Yūzō Yamamoto began his career as a dramatist immediately upon graduation from Tōkyō University in 1915. From 1916 to 1918, however, he wrote no plays. During these years he made an intensive study of the works of Strindberg, the outstanding Swedish dramatist and writer.
In 1916 Yūzō translated Strindberg’s The Dance of Death under the title of Shi-no-buto. Later he translated a part of The Blue Book (Aoi- hon-yori). He seems to have been much impressed with Strindberg’s idea of “resignation (諦め)” and “self-surrender (忍従)” to fate. In The Dance of Death one of the characters, Kurt, is presented as a mellowed man who bears bravely the affliction fate has pressed upon him. Prominent in The Blue Book is the notion that it is just barely possible for a man to live with “resignation” and “surrendered” to his fate.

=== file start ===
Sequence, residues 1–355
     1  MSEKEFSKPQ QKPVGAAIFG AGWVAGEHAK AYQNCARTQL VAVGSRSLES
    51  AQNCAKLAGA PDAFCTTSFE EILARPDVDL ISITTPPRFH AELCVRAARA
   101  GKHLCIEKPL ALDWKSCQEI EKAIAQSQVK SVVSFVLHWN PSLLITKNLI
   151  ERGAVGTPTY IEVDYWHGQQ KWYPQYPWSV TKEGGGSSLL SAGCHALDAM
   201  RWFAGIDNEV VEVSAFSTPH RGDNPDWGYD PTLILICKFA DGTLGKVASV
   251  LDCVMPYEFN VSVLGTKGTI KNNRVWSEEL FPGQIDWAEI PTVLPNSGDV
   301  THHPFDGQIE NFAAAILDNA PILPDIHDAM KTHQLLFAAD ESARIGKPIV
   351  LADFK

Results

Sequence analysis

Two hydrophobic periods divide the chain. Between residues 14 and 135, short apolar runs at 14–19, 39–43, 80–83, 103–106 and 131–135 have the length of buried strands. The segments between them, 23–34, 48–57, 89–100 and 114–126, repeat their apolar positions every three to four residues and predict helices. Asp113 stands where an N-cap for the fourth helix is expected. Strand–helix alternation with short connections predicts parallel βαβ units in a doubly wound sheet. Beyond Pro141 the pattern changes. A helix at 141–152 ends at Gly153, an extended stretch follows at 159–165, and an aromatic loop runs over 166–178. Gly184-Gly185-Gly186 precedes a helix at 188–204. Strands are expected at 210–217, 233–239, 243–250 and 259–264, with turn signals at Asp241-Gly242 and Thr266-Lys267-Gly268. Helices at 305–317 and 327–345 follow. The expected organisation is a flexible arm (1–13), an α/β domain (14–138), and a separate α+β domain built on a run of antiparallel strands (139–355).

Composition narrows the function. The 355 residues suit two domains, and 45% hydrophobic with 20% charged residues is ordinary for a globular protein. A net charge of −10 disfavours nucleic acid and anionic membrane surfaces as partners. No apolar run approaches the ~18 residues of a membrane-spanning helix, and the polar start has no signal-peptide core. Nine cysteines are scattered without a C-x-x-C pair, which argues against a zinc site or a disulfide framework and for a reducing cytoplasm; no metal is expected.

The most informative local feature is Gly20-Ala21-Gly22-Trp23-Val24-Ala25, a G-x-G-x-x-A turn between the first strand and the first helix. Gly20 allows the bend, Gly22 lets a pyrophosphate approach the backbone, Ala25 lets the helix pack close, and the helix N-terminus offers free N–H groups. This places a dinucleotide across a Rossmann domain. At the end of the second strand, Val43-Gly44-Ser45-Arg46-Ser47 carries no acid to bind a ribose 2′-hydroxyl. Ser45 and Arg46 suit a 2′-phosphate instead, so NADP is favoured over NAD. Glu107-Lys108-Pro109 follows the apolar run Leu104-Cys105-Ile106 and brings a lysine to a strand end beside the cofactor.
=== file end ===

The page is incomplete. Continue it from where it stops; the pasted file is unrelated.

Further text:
When in 1920 Yūzō wrote The Crown of Life (Inochi-no-kammuri), the Strindberg notion of fate became the theme of his drama. The characters, even in their defeat, cling to this idea of fate and find in it some hope for a new life. Thus Strindberg’s concept of fate became an important element in Yūzō Yamamoto’s later dramas and novels.